The researches find that the  a pioneer in creating new policies to deal with the drug. Now the state’s surgeons, nurses and anesthesiologists are becoming pioneers of a different sort in understanding what weed may do to patients who go under the knife. Therefore Their observations and initial research show that marijuana use may affect patients’ responses to anesthesia on the operating table and, depending on the patient’s history of using the drug, either help or hinder their symptoms afterward in the recovery room. Colorado makes for an interesting laboratory.

Surgeons, nurses and anesthesiologists

Since the state legalized marijuana for medicine in 2000 and allowed for its recreational sale in 2014; more Coloradans are using it and they may also be more willing to tell their doctors about it. But Roughly 17% of Coloradans said they used marijuana in the previous 30 days in 2017; but according to the National Survey on Drug Use and Health; more than double the 8% who reported doing so in 2006. By comparison, just 9% of U.S. residents said they used marijuana in 2017.

“It has been destigmatize here in Colorado;” said Dr. Andrew Monte, an associate professor of emergency medicine and medical toxicology at the University of Colorado School of Medicine and UC Health. “We’re ahead of the game in terms of our ability to talk to patients about it. We’re also ahead of the game in identifying complications associate with use.” One small study of Colorado patients publish in May found marijuana users required more than triple the amount of one common sedation medicine, propofol; as did nonusers.

Professor of emergency medicine

Those findings and anecdotal reports are prompting additional questions from the study’s author; Dr. Mark Twardowski, and others in the state’s medical field: If pot users indeed need more anesthesia, are there increased risks for breathing problems during minor procedures? Are there higher costs with the use of more medication, if a second or third bottle of anesthesia must be routinely opened? And what does regular cannabis use mean for recovery post-surgery?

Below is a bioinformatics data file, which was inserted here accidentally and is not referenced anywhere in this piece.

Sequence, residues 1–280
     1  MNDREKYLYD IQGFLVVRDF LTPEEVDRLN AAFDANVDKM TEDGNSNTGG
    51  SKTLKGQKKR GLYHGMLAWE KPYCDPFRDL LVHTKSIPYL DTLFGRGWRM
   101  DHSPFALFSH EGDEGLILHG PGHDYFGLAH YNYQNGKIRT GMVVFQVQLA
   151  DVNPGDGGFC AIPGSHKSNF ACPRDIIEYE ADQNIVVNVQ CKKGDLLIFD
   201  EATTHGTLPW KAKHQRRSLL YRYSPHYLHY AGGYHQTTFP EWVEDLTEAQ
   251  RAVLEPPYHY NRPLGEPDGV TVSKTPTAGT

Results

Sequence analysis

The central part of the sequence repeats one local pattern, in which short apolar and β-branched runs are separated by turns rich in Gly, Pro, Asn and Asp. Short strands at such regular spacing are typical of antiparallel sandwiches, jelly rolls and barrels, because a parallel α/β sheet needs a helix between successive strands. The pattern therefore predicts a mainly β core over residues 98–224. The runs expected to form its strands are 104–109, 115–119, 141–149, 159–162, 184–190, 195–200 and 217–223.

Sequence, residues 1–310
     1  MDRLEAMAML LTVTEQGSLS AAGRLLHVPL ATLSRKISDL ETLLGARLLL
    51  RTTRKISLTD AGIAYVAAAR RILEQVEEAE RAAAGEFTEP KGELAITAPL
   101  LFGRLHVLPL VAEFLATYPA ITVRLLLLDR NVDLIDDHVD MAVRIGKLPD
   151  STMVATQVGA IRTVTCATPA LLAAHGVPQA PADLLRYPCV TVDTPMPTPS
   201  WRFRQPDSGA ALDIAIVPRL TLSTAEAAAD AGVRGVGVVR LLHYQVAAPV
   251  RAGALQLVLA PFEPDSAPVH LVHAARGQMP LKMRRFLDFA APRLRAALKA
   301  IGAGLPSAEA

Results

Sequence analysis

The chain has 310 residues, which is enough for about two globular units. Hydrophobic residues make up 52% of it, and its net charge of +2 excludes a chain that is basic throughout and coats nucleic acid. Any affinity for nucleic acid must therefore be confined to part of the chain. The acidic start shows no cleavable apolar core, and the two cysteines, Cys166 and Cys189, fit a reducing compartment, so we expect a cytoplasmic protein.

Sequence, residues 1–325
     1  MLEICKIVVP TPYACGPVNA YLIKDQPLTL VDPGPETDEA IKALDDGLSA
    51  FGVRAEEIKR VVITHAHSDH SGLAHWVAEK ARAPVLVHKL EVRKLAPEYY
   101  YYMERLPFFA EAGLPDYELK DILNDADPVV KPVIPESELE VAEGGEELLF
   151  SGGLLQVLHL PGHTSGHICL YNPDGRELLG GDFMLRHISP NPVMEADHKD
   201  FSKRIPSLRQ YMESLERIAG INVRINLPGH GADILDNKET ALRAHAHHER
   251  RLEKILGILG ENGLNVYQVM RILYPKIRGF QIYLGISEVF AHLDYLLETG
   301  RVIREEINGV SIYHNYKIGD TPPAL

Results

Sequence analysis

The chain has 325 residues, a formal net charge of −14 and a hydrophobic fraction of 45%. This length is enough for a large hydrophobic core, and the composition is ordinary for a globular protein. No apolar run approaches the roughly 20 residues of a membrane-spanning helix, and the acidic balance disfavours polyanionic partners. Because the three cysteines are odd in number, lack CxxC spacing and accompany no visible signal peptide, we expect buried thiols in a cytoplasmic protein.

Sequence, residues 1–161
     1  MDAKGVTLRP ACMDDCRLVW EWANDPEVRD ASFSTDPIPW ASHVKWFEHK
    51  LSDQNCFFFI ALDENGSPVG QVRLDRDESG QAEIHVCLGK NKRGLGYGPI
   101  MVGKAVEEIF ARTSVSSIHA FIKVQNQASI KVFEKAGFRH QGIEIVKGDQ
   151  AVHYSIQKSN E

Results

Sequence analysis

It’s even difficult to quantify how many of the estimated 800,000 to 1 million anesthesia procedures that are performed in Colorado each year involve marijuana users, according to Dr. Joy Hawkins; a professor of anesthesiology at the University of Colorado School of Medicine and president of the Colorado Society of Anesthesiologists. Because The Colorado Hospital Association said it doesn’t track anesthesia needs or costs specific to marijuana users.

As more states legalize cannabis to varying degrees, discussions about the drug are happening elsewhere; too. On a national level; the American Association of Nurse Anesthetists; recently updated its clinical guidelines to highlight potential risks for and needs of marijuana users. American Society of Anesthesiologists spokeswoman Theresa Hill said that the use of marijuana in managing pain is a topic under discussion but that more research is needed. This year, it endorsed a federal bill calling for fewer regulatory barriers on marijuana research.